Note that I'm only telling what happen with my box, I'm not 100% sure that it's so easy for everybody.

Since you leave in the US you don't really need the transcoded fonts.

My 2 cents:
1) Make a ~/.gtkrc-2.0 to get nice-looking fonts in gtk apps.
2) The tut tells about fc-list, have also a look at xlsfonts.
3) People with european charset should also install the xfonts-terminus, a pretty cool monospaced font package for xterms.

++

Last edited by kloss; 02-10-2006 at 06:22 PM.
 
Old 02-10-2006, 07:19 PM   #4
Dead Parrot
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You may also want to edit /etc/X11/xorg.conf (or /etc/X11/XF86Config-4 in case you use the XFree86 X server). Notice that the Xserver will load the fonts in the order in which they are listed in the config file, and that TrueType fonts usually look better than Type1 fonts. So, generally, truetype fonts should be loaded before type1 fonts. Here's the "Files" section from my Xserver config file:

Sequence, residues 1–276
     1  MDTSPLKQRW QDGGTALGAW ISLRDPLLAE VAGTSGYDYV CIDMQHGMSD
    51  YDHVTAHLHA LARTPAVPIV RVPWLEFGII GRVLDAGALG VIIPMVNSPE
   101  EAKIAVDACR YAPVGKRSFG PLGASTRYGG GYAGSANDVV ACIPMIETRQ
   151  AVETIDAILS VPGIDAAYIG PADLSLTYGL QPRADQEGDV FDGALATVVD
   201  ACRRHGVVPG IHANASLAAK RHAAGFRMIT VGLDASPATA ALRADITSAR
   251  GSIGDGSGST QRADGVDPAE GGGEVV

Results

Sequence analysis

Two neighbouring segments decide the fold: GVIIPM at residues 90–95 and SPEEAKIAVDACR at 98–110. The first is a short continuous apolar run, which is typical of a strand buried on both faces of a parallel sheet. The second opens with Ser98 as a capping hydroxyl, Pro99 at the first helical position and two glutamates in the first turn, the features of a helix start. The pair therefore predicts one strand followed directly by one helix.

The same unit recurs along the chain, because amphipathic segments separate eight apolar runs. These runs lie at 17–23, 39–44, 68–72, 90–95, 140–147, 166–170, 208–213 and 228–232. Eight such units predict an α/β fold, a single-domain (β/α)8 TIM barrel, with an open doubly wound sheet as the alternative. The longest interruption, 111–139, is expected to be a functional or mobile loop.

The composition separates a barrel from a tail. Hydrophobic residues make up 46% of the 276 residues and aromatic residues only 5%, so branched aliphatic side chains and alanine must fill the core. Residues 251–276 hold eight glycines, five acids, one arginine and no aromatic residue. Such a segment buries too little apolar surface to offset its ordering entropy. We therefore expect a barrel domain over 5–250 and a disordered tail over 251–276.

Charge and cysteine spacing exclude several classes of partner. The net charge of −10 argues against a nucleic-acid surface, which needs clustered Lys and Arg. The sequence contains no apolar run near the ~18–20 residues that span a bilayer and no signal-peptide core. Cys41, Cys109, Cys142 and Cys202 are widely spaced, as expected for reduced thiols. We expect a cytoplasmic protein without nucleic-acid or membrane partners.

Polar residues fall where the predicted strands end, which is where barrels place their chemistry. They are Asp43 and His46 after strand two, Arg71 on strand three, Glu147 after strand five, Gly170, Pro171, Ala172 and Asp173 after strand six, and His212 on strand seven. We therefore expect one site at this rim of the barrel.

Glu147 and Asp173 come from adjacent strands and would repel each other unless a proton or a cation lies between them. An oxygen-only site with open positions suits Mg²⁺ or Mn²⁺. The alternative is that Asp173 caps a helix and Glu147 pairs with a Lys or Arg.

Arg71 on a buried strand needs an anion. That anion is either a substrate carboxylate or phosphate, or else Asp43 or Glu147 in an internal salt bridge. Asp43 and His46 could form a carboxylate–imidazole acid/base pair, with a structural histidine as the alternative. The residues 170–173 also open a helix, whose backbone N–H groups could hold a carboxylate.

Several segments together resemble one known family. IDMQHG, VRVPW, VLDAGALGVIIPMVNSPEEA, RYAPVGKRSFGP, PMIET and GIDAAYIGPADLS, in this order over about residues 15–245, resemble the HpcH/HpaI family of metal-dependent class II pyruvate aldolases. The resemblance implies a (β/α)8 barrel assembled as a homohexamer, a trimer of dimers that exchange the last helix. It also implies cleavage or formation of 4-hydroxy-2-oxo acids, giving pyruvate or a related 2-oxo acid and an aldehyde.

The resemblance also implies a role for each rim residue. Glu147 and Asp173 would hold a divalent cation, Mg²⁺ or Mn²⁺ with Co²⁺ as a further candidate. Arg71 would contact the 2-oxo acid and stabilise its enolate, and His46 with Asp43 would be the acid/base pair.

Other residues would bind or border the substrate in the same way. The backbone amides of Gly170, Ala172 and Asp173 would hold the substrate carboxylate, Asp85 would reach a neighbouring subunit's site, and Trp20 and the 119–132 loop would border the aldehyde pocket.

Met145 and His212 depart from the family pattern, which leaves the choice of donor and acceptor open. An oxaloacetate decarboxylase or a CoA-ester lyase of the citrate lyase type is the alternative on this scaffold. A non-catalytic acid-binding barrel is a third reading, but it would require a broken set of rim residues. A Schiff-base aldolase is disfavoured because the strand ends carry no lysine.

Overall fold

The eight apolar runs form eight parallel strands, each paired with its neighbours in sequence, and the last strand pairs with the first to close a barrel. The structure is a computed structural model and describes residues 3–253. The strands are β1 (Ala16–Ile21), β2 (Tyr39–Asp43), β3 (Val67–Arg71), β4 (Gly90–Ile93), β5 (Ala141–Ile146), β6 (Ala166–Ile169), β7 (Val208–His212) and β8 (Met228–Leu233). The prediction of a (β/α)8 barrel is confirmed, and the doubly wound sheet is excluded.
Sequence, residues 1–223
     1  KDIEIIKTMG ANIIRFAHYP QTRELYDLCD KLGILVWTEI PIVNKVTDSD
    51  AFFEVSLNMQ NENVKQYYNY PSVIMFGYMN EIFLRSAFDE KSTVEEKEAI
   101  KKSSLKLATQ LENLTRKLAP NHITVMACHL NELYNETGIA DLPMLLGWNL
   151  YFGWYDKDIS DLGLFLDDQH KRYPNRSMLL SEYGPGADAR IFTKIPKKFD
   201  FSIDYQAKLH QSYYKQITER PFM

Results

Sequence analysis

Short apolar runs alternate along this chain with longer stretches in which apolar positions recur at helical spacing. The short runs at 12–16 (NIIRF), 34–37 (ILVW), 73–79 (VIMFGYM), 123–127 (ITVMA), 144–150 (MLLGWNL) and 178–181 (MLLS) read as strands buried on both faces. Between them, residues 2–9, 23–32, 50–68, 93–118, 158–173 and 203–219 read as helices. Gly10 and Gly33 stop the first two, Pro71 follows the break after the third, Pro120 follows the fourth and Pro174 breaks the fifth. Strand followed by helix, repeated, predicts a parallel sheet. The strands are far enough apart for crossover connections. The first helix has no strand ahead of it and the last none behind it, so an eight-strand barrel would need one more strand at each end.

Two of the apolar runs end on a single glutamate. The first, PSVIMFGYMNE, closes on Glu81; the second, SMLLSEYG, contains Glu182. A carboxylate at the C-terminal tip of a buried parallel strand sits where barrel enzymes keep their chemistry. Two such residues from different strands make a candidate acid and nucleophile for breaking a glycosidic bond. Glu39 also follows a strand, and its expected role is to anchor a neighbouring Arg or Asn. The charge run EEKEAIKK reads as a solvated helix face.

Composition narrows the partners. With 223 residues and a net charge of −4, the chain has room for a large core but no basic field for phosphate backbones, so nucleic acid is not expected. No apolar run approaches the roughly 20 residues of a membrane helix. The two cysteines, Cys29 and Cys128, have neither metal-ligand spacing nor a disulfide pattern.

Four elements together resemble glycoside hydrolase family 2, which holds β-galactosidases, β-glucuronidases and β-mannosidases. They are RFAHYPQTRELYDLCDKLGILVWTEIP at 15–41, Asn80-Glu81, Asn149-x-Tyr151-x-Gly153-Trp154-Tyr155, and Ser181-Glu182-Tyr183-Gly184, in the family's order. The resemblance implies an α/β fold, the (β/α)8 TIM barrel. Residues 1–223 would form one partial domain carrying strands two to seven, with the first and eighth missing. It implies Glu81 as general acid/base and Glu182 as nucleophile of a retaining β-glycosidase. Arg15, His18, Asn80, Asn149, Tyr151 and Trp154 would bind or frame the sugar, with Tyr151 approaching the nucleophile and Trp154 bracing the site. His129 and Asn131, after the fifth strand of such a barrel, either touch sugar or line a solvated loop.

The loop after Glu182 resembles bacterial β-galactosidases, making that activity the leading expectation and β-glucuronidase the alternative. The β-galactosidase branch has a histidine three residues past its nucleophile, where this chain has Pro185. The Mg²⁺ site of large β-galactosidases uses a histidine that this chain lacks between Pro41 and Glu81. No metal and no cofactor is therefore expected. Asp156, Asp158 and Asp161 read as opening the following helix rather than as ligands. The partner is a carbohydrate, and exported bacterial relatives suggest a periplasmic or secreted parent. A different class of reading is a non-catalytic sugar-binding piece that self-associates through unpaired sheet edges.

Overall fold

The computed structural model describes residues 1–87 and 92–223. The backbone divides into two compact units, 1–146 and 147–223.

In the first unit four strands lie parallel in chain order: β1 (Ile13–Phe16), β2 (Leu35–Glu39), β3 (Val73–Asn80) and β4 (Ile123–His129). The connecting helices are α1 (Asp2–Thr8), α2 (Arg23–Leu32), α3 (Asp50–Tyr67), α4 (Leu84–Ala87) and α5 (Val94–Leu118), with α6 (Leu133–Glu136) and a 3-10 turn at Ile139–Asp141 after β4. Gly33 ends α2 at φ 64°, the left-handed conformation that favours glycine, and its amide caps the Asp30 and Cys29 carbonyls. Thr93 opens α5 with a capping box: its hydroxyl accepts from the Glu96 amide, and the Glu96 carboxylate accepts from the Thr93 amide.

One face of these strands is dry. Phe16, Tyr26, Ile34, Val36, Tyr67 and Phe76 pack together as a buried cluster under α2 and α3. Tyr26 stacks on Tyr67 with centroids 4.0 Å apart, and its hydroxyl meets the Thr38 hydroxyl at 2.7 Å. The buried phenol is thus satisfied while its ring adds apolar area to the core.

Section "Files"
# FontPath "unix/:7100" # local font server
# if the local font server has problems, we can fall back on these
FontPath "/var/lib/defoma/x-ttcidfont-conf.d/dirs/TrueType"
FontPath "/usr/lib/X11/fonts/misc"
FontPath "/usr/lib/X11/fonts/100dpi/:unscaled"
FontPath "/usr/lib/X11/fonts/75dpi/:unscaled"
FontPath "/usr/lib/X11/fonts/Type1"
# FontPath "/usr/lib/X11/fonts/CID"
FontPath "/usr/lib/X11/fonts/100dpi"
FontPath "/usr/lib/X11/fonts/75dpi"

Notice that the truetype font path comes before the other fontpaths, and I've also commented out the "local font server" line because I haven't installed such server.
 
Old 02-11-2006, 04:12 PM   #5
r.stiltskin
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Aha. Thx for the advice. This,
# aptitude install msttcorefonts x-ttcidfont-conf
was particularly helpful since I hadn't seen anything previously telling me that x-ttcidfont-conf was a package I should install.

I'm curious as to why you left these lines
Code:
FontPath "/usr/lib/X11/fonts/100dpi"
FontPath "/usr/lib/X11/fonts/75dpi"
in your XF86Config-4. Doesn't that defeat the purpose of the two ":unscaled" lines?

It's hard to see the tiny font that comes up in shell windows in fluxbox and xdm. I've skimmed through man fluxbox (and also man xdm) but couldn't find info on how to configure them to use bigger fonts. So far, the only way that I can accomplish this is to eliminate the higher resolutions from the screen section of XF86Config-4, leaving only 800x600. That's a terrible solution: the shell windows are now fine, but everything else is ugly & too big.